Moulds and dies feature complex shapes. A three dimensional (3D) profile is typical for the working surfaces of a mould (die) set, and the ability to machine 3D surfaces effectively is an important requirement for cutting tools. A tool is expected to provide the required parameters for shape accuracy and surface finish, and to ensure the appropriate level of tool life needed to complete machining the shape or its pattern in one operation.
Manufacturing moulds and dies requires various machining processes: turning, milling, drilling, reaming and others, although cutting tools for die and mould making are associated primarily with mills. The specific character of the die and mould industry – the predominance of non-rotating parts, the complex shape of machined surfaces, the necessity to produce a lot of cavities that require considerable material stock removal, etc. – positions milling cutters in the first place among tools utilized by this branch.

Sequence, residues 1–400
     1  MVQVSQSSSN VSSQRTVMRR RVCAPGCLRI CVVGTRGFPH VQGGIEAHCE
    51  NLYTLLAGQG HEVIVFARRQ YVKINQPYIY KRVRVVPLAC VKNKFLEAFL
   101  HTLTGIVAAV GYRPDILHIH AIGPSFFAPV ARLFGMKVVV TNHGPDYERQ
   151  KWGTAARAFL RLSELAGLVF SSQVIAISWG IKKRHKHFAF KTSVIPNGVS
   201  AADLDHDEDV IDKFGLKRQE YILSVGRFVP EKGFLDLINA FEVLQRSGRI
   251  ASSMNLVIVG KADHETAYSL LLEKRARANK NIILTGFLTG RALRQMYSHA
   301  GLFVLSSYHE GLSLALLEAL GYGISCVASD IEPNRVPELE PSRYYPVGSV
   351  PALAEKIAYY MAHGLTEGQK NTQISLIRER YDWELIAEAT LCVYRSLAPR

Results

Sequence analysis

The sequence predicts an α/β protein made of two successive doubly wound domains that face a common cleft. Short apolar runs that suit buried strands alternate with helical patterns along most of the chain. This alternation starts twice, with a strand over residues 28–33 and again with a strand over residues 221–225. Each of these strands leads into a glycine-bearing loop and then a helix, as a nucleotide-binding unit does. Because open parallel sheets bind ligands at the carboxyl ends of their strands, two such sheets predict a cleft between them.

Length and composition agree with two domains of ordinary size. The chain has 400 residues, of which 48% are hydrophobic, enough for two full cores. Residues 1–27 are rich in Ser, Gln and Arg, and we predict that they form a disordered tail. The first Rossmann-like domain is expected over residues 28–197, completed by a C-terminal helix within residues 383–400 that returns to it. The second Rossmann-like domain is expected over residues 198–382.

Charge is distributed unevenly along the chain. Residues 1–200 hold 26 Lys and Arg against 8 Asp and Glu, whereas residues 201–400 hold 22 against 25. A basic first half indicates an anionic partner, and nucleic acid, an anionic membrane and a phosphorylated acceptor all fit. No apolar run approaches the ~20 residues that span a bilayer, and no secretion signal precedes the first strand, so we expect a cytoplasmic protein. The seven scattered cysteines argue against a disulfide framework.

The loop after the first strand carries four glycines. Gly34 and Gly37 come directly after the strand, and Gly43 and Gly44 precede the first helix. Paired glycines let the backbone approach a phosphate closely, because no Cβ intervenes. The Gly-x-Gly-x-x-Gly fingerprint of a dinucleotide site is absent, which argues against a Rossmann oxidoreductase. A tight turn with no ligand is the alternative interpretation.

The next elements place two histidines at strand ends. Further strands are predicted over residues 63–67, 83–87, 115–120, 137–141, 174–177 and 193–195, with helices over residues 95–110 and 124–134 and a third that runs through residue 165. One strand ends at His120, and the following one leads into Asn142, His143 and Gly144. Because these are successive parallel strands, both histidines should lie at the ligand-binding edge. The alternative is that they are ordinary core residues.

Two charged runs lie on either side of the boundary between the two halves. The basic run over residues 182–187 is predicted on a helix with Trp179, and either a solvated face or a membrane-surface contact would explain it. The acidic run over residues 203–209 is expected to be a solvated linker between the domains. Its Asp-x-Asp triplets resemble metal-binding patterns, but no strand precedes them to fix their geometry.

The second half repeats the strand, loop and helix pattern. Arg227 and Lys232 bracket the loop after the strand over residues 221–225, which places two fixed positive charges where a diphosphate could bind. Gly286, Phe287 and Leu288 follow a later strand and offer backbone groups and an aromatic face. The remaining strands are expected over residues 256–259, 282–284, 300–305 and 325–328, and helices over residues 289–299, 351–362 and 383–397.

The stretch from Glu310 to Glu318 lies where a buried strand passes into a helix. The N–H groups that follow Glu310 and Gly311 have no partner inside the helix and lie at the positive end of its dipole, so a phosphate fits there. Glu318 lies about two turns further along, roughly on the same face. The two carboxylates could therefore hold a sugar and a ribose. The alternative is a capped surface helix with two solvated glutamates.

In their constant need to boost productivity in manufacturing moulds and dies for new products, the die and mould industry was one of the first adopters of advanced machining methods such as high speed milling (HSM) and high feed milling (HFM), and to develop efficient machining strategies.
The progressive methods and techniques that were introduced impacted greatly on cutting tools, leading to new requirements for tool manufacturers. Over the years, these requirements have become increasingly tighter; today die and mould makers represent among the most exacting cutting tool consumers and expect cutting tool manufacturers to be responsive to the industrial trends.